The Simple Rules of Love - Amanda Brookfield
Review by Lizzie Guilfoyle
IT WASN’T until I was nearing the end of Amanda Brookfield’s The Simple Rules of Love that I discovered it’s actually the sequel to Relative Love – there’s nothing to suggest as much in the blurb – so I began reading with an open mind.
Set in the present day, The Simple Rules of Love charts a year in the lives of the Harrison family – literally so, progressing as it does from February through to the following January. And, as the saying goes, ‘what a difference a year makes’.
For the Harrisons, a large and close-knit family, the year begins with a funeral and ends with a wedding, while in between we see matriarch Pamela struggling to come to terms with widowhood; her son Charlie and his wife Serena as the new custodians of Ashley House, the family home; eldest son Peter behaving totally out of character and paying the price; and two daughters Elizabeth and Cassie headed in unexpected directions. And that’s without taking into account the numerous grandchildren!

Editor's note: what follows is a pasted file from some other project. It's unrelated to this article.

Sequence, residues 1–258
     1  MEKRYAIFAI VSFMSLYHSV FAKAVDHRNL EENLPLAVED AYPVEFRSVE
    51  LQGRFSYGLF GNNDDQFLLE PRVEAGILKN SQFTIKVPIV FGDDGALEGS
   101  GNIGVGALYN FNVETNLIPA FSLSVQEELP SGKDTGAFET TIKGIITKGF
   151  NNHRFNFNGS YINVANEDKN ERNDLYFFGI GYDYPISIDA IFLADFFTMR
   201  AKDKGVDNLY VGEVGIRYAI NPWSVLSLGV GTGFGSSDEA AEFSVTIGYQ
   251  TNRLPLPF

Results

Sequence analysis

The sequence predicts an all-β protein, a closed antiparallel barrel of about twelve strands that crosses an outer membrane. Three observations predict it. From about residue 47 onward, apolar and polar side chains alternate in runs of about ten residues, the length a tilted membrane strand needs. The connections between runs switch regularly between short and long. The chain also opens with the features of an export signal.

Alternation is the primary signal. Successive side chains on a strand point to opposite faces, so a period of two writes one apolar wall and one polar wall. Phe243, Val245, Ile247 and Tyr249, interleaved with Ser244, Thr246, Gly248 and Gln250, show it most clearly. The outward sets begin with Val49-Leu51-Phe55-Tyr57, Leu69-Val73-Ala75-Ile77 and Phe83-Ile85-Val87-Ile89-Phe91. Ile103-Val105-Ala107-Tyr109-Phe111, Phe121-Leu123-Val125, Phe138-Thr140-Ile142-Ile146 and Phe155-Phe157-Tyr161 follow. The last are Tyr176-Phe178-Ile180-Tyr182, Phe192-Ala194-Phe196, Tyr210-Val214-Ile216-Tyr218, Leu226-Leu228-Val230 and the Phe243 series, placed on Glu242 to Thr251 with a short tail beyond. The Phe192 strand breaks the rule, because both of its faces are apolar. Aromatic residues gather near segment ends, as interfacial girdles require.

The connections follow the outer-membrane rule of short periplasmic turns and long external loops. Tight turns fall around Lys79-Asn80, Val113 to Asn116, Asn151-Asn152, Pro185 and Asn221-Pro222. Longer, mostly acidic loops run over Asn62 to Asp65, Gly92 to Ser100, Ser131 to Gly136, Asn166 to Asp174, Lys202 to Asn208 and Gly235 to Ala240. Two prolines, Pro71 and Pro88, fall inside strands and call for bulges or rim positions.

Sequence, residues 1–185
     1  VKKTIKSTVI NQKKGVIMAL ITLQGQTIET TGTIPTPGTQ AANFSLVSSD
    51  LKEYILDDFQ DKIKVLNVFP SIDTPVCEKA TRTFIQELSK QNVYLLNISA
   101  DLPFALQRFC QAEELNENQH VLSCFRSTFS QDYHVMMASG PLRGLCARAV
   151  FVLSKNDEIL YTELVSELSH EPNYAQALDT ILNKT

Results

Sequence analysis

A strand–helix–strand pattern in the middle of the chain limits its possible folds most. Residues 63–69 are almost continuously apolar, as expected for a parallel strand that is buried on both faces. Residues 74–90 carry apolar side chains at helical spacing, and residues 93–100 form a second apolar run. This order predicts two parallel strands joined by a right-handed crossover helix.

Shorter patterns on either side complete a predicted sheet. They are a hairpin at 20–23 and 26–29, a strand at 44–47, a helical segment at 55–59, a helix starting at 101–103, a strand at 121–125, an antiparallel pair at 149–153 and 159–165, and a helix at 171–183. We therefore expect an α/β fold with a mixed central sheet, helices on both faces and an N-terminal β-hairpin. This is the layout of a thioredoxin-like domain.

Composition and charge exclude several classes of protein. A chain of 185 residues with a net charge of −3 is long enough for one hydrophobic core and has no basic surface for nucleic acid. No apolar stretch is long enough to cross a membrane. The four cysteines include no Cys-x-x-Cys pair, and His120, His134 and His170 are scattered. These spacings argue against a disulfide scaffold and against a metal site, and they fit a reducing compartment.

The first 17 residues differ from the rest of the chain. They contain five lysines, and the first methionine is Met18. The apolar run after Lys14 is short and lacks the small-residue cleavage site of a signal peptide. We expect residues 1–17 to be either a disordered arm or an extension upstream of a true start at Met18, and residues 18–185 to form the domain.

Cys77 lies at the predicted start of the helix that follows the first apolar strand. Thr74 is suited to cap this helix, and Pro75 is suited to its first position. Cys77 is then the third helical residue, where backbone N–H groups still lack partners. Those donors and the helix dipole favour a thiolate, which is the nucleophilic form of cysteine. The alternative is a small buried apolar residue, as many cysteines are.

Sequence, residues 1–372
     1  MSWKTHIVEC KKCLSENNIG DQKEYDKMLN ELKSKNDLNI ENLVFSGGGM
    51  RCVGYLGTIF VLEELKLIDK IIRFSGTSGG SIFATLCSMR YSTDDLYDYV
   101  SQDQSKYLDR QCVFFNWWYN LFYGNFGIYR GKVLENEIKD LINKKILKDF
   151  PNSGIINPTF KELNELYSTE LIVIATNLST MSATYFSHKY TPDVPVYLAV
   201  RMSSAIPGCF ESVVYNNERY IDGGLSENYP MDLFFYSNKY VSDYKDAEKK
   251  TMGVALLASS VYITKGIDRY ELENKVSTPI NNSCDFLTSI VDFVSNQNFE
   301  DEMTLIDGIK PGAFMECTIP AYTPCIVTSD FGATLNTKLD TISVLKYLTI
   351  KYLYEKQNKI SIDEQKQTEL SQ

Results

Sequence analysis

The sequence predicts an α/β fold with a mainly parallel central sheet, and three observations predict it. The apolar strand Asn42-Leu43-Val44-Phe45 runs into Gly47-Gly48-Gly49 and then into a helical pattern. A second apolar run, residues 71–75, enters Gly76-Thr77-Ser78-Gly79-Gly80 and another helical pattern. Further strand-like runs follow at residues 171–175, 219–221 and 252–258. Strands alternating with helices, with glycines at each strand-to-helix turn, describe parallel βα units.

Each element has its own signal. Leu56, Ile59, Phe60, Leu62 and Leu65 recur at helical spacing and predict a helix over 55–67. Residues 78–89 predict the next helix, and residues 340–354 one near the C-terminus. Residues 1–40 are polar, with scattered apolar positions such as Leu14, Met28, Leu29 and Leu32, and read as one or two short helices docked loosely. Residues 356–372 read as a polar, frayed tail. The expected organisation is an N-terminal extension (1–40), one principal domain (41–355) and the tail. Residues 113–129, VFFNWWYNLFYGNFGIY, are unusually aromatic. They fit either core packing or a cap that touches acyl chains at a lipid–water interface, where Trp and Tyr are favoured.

The Simple Rules of Love is well written and Brookfield’s perception of family life and relationships is spot on. I’m sure everyone will recognize a family member in one or more of her carefully crafted characters.
And her handling of sensitive issues, such as adultery and unwanted teenage pregnancy, is commendable. I also like her rationale on being in love – “his brain had been infected by the virulent strain of infatuation to which the Greeks had given a name and about which poets liked to write.” In other words, “he had gone mad.”
However, eclampsia in pregnancy is an altogether different matter and I suspect it has been included solely for dramatic effect as, with proper ante-natal care, this potentially life-threatening condition should not arise. Whether Brookfield’s young ‘heroine’ availed herself of such is unclear so we can only surmise that she did not. In the event, an antepartum haemorrhage or cord prolapse would have done just as well, both presenting as unforeseen obstetric emergencies.
That said, The Simple Rules of Love is an absorbing read. With its intimate portrayal of other people’s lives, it has all the appeal of a popular soap. And it doesn’t tax the brain, so is suitable for holiday or bedtime. As such, it comes highly recommended.
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